If you are on the western side of Utah on Route 30, you may see a sign for Watercress, and then you can pull off down towards the lake bed.
First of all, this place is inaccessible to passenger cars. Four-wheel drive required. With all Kcymaerxthaere and Atlas Obscura adventures, you need to proceed with caution, at your own risk and use your best judgement, but especially here. Also, bring water.
A plaque at this site tells the story of the doomed adolescent boys Eddgar and Benn, whose story likely inspired Velkristan’s epic poem, The Willamenta, were captured by a party of Dalles sent by Benn’s father. The poem’s author, Wtib Tstetrat, the bard of medieval Velkristan, was likely a distant relative who would have been brought to this far spot (or malad) at least twice by the women of his family. Most historians now believe the lovers never exchanged anything more than a long embrace before their cruel deaths.
The plaque is part of Kcymaerxthaere, an art project created by Eames Demetrios. It’s one in a series of plaques and other markers around the world that honor events from a parallel universe that, according to Demetrios, “co-exists to some degree with ours.” Most of these installations are bronze or stone plaques inscribed with stories but some are larger, even entire buildings. As of 2021, there are more than 140 sites spread across six continents and 30 countries.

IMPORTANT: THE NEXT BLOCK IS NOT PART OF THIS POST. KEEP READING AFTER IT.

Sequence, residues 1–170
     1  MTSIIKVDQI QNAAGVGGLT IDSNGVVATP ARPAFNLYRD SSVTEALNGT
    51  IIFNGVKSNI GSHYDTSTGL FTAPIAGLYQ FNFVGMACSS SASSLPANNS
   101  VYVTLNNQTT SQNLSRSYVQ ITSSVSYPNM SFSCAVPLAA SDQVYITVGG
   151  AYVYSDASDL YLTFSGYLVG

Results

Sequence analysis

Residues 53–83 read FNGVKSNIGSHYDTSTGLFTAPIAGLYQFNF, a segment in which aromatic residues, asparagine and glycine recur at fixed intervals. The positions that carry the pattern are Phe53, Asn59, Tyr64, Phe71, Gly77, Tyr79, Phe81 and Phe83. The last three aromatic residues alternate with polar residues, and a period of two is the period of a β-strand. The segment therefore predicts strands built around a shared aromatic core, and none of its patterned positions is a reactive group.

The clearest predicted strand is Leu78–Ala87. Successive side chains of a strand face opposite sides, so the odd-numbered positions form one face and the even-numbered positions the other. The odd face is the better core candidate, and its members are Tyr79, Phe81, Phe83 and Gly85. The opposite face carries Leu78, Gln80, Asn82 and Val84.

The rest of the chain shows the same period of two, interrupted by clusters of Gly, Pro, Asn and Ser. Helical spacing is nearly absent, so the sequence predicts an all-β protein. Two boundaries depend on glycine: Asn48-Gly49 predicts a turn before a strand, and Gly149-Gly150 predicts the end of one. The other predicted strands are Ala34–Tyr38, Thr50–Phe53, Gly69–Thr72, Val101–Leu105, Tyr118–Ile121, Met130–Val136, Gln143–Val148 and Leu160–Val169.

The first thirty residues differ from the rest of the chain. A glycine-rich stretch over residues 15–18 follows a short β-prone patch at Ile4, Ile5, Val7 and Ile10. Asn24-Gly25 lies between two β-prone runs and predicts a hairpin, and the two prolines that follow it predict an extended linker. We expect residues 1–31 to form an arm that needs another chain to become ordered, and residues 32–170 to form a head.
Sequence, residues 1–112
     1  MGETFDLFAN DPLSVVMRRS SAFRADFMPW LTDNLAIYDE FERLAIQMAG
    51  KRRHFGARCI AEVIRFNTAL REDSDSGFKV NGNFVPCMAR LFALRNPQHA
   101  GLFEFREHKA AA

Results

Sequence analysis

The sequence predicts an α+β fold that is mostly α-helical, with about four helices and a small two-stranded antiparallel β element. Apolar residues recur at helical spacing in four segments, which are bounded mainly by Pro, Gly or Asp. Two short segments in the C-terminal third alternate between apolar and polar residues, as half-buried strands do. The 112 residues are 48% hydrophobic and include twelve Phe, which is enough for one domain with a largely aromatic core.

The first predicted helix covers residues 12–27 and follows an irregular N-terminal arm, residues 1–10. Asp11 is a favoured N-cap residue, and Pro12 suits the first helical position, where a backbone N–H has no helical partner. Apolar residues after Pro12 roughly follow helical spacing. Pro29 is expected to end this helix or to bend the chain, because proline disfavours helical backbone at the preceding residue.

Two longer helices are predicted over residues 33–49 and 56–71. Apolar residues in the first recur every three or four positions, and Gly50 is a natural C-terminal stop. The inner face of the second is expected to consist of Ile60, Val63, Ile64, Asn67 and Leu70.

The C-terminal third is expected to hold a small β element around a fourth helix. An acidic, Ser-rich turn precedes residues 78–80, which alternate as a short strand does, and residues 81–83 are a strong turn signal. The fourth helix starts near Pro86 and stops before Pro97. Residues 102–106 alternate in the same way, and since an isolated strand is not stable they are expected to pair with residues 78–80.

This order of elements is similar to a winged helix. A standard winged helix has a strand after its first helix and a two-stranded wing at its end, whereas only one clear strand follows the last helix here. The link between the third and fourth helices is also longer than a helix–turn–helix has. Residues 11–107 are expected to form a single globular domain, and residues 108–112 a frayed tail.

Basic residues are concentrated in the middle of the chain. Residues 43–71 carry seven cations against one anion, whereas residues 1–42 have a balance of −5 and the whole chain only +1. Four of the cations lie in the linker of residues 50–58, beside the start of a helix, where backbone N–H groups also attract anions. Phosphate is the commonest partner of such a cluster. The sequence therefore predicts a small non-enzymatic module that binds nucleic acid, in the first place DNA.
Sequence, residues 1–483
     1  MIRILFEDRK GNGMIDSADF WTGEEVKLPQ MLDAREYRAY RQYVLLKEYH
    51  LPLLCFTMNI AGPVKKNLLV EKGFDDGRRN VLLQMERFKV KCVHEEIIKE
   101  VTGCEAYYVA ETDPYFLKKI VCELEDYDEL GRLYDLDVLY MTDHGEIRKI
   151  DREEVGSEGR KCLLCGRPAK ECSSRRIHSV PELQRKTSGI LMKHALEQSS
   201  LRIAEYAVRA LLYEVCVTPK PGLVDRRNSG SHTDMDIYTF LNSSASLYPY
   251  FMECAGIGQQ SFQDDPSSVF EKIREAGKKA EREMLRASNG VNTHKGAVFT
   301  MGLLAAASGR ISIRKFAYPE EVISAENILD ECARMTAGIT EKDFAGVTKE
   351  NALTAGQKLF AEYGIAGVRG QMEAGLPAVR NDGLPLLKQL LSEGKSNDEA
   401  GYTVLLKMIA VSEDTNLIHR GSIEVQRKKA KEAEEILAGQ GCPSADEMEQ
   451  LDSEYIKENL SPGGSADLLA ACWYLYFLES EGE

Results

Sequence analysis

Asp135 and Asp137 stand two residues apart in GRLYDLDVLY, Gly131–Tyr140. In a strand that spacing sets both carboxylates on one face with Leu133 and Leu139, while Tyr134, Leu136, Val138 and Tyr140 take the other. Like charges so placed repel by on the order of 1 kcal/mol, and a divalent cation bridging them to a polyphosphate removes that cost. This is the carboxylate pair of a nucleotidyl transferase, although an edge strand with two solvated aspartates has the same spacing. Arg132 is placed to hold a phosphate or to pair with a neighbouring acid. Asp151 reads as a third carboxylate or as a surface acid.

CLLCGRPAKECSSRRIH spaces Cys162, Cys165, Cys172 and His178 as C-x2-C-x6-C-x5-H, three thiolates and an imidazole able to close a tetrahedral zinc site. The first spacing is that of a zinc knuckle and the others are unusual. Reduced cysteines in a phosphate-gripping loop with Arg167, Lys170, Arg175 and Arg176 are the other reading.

Know Before You Go
We hope to have more detailed access soon. But essentially it is a bit east of Terrace Mountain, but still on the flat white salt plains of the Great Salt Lake Desert. BRING WATER BRING PLENTY OF WATER There is a little place called Watercress, which is just a historical marker off Highway 30. That's where we found a road to the salt flats and then headed east once we got on the Salt Flats, hugging the northern edge of it. You visit there at your own risk!!!!
An alternate route is to go to Zaqistan from the old railroad grade road. From Zaqistan, you can take a faint road south through Zaqistan into the Salt Flats. At the start of the Salt Flats is a tall white obelisk dedicated to Zaqistan, from there, you can see another obelisk to the southwest, this marks the Edgar and Benn site. You can use the Zaqistan obelisk as a landmark to return. You can alternatively walk from Zaqistan as well as it is just over one mile and there's something surreal about walking in the Salt Flats with zero signs of civilization besides a couple of random obelisks.